There is a surging interest in the idea of neuroplasticity, that even adults can change their brains. Mindful meditation is one of the forerunners for methods of adjusting brain function, and not just in the regions of attention that you might expect; there’s also some compelling evidence that mindfulness can impact the regions of your brain that process emotions, particularly the amygdala.
The amygdala is one of the better-known but little-understood regions of the brain; most laymen (and psychology undergraduates) make a simple immediate connection of amygdala=fear. And while the amygdala is indeed necessary to experience fear, and plays a critical role in anxiety disorders, the amygdala’s role is far more complex. The amygdala has been linked to a wide array of social functioning, including the size of your social network, and may be at the root of autism. And because the amygdala may be better described as the region of the brain that helps us regulate attention to emotional stimuli, it might just experience permanent changes with meditation.
This was the theory of Gaelle Desbordes of Massachusetts General Hospital, and colleagues with expertise in religion, consciousness, and psychiatry from around the country. Adults in Atlanta were recruited to participate in one of two 8-week mindfulness seminars, including 20 minutes a day of meditation homework, or an equivalent health education class. Before and after training, the adults were shown over 100 images from the International Affective Picture System, with varying emotional content – some positive, some negative, some neutral – and their amygdala’s reaction was recorded through the magic of fMRI.
Amygdala activity was the same before anyone began their programs (except that women’s amygdalas activated more than men’s). However, three weeks after the programs were over, mindfulness training had reduced activity in their right amydgalas when viewing the emotional pictures. The clearest advantage was with a program focused on mindful attention specifically, while more compassion-based meditation may actually have increased amygdala activity (possibly because the meditators had spent 8 weeks trying to feel empathy for others, and so were more affected by the emotions in the pictures). These changes in emotional processing came even though the meditators reported no real change in their depression or anxiety during the program, suggesting it’s a fundamental change in the brain and not an artifact of change in one’s own emotional state.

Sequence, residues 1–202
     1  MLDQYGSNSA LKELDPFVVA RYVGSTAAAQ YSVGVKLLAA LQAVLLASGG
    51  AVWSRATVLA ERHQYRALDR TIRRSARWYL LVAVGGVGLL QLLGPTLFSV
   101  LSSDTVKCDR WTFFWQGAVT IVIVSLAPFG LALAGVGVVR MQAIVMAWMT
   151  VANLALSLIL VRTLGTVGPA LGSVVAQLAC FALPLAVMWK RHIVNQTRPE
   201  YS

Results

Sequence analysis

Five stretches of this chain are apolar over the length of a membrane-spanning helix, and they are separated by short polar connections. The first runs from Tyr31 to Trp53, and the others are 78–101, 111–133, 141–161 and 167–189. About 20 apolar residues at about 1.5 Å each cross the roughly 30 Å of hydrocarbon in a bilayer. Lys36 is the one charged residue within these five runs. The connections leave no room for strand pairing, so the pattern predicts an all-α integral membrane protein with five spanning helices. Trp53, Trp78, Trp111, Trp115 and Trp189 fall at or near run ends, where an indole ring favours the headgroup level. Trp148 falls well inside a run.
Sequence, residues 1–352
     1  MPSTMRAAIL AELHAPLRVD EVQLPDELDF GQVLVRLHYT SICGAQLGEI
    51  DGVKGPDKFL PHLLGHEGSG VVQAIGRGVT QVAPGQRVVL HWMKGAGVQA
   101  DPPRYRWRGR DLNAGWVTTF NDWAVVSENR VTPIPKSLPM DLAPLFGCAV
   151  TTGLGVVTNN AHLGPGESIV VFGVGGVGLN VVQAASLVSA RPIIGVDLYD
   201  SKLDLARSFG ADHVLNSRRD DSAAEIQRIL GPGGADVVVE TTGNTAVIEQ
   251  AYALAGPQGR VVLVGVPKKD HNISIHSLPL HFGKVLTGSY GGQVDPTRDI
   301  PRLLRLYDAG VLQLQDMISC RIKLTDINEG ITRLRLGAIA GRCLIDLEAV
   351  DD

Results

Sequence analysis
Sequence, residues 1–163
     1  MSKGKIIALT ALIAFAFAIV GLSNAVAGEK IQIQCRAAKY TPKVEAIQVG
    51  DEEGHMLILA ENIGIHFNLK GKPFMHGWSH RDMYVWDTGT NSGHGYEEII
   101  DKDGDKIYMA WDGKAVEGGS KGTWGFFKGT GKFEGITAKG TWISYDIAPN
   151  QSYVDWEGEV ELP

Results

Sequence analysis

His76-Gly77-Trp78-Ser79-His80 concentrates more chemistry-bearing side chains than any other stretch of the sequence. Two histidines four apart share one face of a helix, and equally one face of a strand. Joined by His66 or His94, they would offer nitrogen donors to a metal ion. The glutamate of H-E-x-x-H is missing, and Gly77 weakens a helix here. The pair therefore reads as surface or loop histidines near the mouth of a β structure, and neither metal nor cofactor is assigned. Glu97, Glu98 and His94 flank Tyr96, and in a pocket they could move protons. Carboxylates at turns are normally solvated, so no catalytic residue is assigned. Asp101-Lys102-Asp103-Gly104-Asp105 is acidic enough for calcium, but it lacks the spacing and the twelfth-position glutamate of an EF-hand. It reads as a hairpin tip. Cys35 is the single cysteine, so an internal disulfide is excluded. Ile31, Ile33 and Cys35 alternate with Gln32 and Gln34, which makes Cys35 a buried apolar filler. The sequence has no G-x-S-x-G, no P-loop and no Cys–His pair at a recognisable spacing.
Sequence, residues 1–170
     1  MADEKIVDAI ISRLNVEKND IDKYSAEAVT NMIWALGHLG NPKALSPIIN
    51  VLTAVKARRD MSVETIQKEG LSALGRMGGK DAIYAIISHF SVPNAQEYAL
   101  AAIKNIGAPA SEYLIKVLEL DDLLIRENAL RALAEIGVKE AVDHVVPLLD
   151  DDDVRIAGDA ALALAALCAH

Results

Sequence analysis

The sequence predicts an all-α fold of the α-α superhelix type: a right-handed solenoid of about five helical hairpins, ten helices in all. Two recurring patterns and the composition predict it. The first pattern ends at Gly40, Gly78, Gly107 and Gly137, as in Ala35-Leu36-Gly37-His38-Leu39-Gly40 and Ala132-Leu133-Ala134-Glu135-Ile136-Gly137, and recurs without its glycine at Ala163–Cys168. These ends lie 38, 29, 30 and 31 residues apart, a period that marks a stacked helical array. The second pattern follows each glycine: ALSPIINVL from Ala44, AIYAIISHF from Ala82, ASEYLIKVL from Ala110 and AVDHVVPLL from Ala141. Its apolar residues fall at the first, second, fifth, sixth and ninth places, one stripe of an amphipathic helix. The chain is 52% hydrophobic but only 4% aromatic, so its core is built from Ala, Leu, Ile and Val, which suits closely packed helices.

Although we can’t say how this amygdala change plays out in subjective emotional experience while watching the pictures, it’s a very important first step in understanding how meditation changes the brain: Even three weeks later, when novice meditators are no longer being assigned meditation exercises, their mindful attention training decreases brain activity associated with strong emotional responses.
It also opens very intriguing, though now entirely theoretical, possibilities for treating autism with mindfulness – because of the aforementioned linked between amygdalas and autism, anything that can reduce amygdala responsiveness might just help reduce the severity of autism symptoms. It all hinges on better understanding these little neuron clusters and their role in emotion processing and social situations.
Desbordes, G., et al. (2012). Effects of mindful-attention and compassion meditation training on amygdala response to emotional stimuli in an ordinary, non-meditative state. Frontiers in Human Neuroscience.
(It’s worth noting that “Frontiers in…” journals are a new mode of publishing, that doesn’t follow the traditional mode of peer-review that science is founded on; but this particular article has been vetted by Amishi Jha, one of the biggest names in contemplative neuroscience, and reviewed by others in field, so I find this as trustworthy as any other neuroscience article I would read).